Race has been one of the central issues of liberal thought for the last half-century. Yet even on this issue, Peretz sees the left beholden to outmoded ideas and unwilling to face new realities. “One of the legacies of the ’60s is liberal idealism about race,” Peretz argues. “But that discussion has grown particularly outmoded in the Democratic Party. African Americans and Caribbean Americans (the differences between them another largely unspoken reality) have made tremendous strides in their education, in social mobility, in employment, in housing, and in politics as images and realities in the media.” So far, so good. Nevertheless, Peretz complains that the Democratic Party is now politically committed to “the usual hustlers.” As he explains, “Jesse Jackson is still paid off, mostly not to make trouble. The biggest insult to our black fellow citizens was the deference paid to Al Sharpton during the campaign. Early in the race, it was clear that he–like Carol Moseley Braun and Dennis Kucinich–was not a serious candidate. Yet he was treated as if he just might take the oath of office at the Capitol on January 20. In the end, he won only a handful of delegates. But he was there, speaking in near-prime time to the Democratic convention.” Peretz labels Al Sharpton as “an insider of racial conflict” and charges the Democratic Party with a combination of pandering and cowardice in giving Jackson and Sharpton roles as party statesmen.

“This patronizing attitude is proof positive that, as deep as the social and economic gains have been among African Americans, many liberals prefer to maintain their own time-honored patronizing position vis-a-vis ‘the other,’ the needy.” In an amazing passage, Peretz acknowledges that this Republican administration has done better than its Democratic predecessors on matters of race.

“This is, frankly, in sharp contrast to President Bush, who seems not to be impeded by race difference ‘and gender difference’ in his appointments and among his friends. Maybe it is just a generational thing, and, if it is that, it is also a good thing. But he may be the first president who apparently does not see individual people in racial categories or sex categories. White or black, woman or man, just as long as you’re a conservative. That is also an expression of liberation from bias.” That is an amazing claim, and a courageous argument to present in The New Republic. Beyond this, Peretz even argues that conservatives “have their ideas, and many of them are good.” As examples, Peretz lists charter schools and vouchers. “But give me a single liberal idea with some currency, even a structural notion, for transforming the elucidation of knowledge and thinking to the young. You can’t.”

The use of American power is another issue of Peretz’s concern. He accuses his fellow liberals of continuing a strange and inexcusable love affair with Fidel Castro and of refusing to acknowledge the evil of world Communism. Liberals, Peretz explains, argue that Communism “had an ideal of the good.” He dismisses this argument with a sneer, noting that Communist revolutions and regimes murdered many more millions of innocents than the Nazis “and transformed the yearning of many idealists for equality into the brutal assertion of evil, a boot stamping on the human face forever.”

Peretz ends his article by eulogizing liberalism as a movement that once offered ideas of transformational power that now is “peddling one disaster scenario after another.” In the end, Peretz offers hope that liberalism can be “liberated from many of its own illusions and delusions.” Time will tell.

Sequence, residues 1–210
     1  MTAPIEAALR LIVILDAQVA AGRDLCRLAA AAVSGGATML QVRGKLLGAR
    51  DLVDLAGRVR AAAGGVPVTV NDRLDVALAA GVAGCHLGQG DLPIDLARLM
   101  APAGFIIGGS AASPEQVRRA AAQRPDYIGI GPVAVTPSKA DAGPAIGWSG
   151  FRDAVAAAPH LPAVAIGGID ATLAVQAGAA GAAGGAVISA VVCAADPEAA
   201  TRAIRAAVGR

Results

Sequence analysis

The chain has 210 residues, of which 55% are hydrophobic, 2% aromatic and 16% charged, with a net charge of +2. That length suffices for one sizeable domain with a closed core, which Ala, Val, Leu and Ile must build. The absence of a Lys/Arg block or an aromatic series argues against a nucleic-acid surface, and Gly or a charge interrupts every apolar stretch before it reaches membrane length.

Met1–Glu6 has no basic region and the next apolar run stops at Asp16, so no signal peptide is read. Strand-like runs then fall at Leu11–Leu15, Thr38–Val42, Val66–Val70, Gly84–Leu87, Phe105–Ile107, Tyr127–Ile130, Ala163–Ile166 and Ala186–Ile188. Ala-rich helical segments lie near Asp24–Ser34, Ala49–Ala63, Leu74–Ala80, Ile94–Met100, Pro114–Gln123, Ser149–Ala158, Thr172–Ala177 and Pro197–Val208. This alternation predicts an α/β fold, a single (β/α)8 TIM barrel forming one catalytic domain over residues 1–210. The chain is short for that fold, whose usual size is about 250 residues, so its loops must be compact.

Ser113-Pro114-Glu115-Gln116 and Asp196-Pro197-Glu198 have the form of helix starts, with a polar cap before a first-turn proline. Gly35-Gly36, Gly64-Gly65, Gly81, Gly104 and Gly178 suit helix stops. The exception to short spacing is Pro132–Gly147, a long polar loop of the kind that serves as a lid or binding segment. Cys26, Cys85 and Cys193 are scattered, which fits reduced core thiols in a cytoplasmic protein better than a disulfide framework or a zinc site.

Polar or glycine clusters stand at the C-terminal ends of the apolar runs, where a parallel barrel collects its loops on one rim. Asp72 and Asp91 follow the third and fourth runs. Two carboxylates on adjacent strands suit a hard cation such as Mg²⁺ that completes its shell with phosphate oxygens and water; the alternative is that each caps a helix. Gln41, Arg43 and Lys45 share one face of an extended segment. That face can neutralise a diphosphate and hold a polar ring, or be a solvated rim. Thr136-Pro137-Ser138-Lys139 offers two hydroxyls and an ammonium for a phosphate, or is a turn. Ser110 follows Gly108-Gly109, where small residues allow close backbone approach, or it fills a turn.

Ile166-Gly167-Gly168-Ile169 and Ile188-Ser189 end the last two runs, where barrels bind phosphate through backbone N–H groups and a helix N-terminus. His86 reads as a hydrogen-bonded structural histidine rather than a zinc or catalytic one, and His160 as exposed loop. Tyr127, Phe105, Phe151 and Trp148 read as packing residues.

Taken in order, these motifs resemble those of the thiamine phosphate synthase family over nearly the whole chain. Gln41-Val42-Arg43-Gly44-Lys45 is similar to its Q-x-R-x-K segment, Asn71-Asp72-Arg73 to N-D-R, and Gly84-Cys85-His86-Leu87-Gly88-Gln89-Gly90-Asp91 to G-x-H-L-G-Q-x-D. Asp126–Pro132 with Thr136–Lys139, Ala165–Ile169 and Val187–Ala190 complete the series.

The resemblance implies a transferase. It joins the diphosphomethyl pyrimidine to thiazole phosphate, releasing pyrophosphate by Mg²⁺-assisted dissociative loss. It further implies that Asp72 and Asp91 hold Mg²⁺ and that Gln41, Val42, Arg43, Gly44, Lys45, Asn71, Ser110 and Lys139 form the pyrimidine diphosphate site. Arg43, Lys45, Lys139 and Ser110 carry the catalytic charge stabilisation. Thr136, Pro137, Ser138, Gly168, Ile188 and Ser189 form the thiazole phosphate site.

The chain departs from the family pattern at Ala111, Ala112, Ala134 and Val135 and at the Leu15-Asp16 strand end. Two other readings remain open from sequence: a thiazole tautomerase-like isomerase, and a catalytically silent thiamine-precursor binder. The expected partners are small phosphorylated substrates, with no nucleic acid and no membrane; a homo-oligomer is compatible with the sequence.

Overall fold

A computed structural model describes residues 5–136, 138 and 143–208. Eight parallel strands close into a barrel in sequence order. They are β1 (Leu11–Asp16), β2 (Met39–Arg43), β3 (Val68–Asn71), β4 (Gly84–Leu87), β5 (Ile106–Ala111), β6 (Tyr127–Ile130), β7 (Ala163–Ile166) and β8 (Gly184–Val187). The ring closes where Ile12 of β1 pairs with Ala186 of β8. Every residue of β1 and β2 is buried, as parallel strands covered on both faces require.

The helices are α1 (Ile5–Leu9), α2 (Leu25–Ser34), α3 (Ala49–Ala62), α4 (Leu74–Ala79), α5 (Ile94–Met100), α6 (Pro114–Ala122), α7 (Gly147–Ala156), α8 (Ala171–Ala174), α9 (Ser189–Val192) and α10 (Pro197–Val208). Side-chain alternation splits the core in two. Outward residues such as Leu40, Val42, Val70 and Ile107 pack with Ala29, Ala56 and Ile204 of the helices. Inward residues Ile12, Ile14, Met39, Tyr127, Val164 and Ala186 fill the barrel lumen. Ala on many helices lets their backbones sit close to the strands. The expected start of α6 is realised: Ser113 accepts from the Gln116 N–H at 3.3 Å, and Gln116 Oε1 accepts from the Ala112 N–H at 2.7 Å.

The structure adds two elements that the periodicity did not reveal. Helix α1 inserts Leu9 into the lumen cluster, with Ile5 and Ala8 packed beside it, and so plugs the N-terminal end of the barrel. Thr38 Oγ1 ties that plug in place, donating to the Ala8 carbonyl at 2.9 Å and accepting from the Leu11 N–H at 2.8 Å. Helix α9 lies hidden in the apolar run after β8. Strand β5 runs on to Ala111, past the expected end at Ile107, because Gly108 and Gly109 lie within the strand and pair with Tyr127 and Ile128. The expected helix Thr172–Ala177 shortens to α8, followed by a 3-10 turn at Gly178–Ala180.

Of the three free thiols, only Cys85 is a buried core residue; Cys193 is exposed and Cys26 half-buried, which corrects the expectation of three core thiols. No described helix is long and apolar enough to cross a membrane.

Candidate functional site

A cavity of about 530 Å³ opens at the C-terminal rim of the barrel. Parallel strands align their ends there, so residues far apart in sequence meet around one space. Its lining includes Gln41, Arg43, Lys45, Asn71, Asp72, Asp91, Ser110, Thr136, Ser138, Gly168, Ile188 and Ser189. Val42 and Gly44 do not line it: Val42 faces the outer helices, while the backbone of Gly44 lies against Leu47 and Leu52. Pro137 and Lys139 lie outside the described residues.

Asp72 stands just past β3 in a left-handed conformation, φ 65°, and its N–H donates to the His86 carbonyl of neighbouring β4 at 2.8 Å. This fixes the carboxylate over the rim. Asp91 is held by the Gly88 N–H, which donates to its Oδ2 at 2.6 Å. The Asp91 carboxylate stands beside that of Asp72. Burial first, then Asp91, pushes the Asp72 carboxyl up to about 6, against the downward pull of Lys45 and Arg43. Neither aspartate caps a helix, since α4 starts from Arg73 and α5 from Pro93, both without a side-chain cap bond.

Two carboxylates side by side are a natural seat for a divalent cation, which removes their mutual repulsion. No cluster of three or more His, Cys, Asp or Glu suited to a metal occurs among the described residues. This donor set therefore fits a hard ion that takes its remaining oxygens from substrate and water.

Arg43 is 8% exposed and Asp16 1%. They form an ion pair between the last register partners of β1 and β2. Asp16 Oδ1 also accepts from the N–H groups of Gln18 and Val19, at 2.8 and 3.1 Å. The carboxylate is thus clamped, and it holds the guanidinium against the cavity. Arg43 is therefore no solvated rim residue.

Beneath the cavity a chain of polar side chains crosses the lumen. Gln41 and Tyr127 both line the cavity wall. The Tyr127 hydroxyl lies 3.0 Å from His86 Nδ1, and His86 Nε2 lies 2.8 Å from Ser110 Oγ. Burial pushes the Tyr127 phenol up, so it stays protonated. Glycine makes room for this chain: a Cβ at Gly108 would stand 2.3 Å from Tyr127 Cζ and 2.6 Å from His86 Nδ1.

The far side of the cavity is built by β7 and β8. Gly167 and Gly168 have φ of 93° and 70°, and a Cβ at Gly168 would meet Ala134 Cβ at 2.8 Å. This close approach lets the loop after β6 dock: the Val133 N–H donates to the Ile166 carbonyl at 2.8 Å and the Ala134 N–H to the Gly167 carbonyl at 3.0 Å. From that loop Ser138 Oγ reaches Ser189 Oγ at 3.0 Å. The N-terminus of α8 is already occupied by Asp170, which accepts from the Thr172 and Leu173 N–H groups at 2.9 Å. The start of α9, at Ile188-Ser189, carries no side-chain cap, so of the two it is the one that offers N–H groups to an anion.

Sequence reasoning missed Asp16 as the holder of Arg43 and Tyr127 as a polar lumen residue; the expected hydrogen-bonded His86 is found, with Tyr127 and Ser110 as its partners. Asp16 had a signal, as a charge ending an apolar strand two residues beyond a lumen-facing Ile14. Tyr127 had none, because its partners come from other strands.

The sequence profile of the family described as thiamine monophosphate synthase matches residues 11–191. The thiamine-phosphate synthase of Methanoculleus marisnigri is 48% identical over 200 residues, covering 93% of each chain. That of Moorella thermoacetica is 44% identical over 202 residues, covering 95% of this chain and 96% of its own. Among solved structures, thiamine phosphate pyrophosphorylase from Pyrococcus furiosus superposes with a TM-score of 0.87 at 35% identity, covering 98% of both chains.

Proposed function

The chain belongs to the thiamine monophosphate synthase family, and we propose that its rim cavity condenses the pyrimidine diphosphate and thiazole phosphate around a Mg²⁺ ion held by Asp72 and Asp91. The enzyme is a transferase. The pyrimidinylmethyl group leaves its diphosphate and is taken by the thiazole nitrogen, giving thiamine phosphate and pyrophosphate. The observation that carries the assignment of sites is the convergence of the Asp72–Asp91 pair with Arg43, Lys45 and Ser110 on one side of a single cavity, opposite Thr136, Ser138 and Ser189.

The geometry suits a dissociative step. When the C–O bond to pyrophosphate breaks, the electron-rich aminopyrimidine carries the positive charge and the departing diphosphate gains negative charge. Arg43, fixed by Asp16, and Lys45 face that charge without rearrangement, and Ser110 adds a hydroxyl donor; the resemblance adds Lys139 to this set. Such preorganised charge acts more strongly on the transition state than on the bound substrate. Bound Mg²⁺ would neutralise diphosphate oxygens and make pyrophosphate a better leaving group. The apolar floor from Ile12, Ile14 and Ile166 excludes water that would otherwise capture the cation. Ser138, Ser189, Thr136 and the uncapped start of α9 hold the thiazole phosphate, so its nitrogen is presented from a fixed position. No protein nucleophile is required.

What Peretz largely misses is the transformation of the political left from classical liberalism into radical ideologies of liberation–often packaged in ways that camouflage the truly radical nature of their ideas. The Democratic Party is no longer the party of FDR and LBJ. As a matter of fact, the Democratic Party ceased to be the party of LBJ even while Johnson was in office. By the end of the 1960s, the political left had fractured into a constellation of special interest groups committed to identity politics.

Furthermore, the worldview of classical liberalism–precisely that worldview understood and defended by intellectuals like Reinhold Niebuhr–understood the necessity of respect for social institutions like marriage and family. The hostility of the political left to such “bourgeois” notions owes more to the radical left of European and American intellectual life than to the reasoned political discourse of the classical liberals.

The 90th anniversary of The New Republic prompted Peretz–joined by a host of other writers–to consider the future of liberalism itself. The magazine takes pride in the fact that it, as a major journal of political opinion, helped popularize the term “liberal” in the 1940s. Like most periodicals, The New Republic has been through various transformations over its nine decades. In one sense, this special anniversary issue of the magazine indicates that it is coming home to its roots.

Writing in U.S. News & World Report, columnist John Leo suggests that Galbraith’s wrong-headed prediction of conservative collapse in the 1960s could serve as good news for American liberals. After all, if conservatives rebounded into intellectual vitality and political influence in the Reagan revolution, perhaps a new liberal standard bearer will appear on the horizon. That would be an interesting prospect, but conservatives should welcome a genuine debate with classical liberals over issues ranging across the political divide and the spectrum of ideological conflict. One of the greatest signs of sickness in our current political culture is that conservatives have virtually no one with whom to engage in a lively and substantial political conversation. The left has simply splintered into so many forms of ideological radicalism, that political discourse has become all but impossible.

Martin Peretz deserves credit for publishing a lively magazine and for publishing his own courageous article. Conservatives should take Peretz’s analysis seriously. It remains to be seen whether liberals will do the same.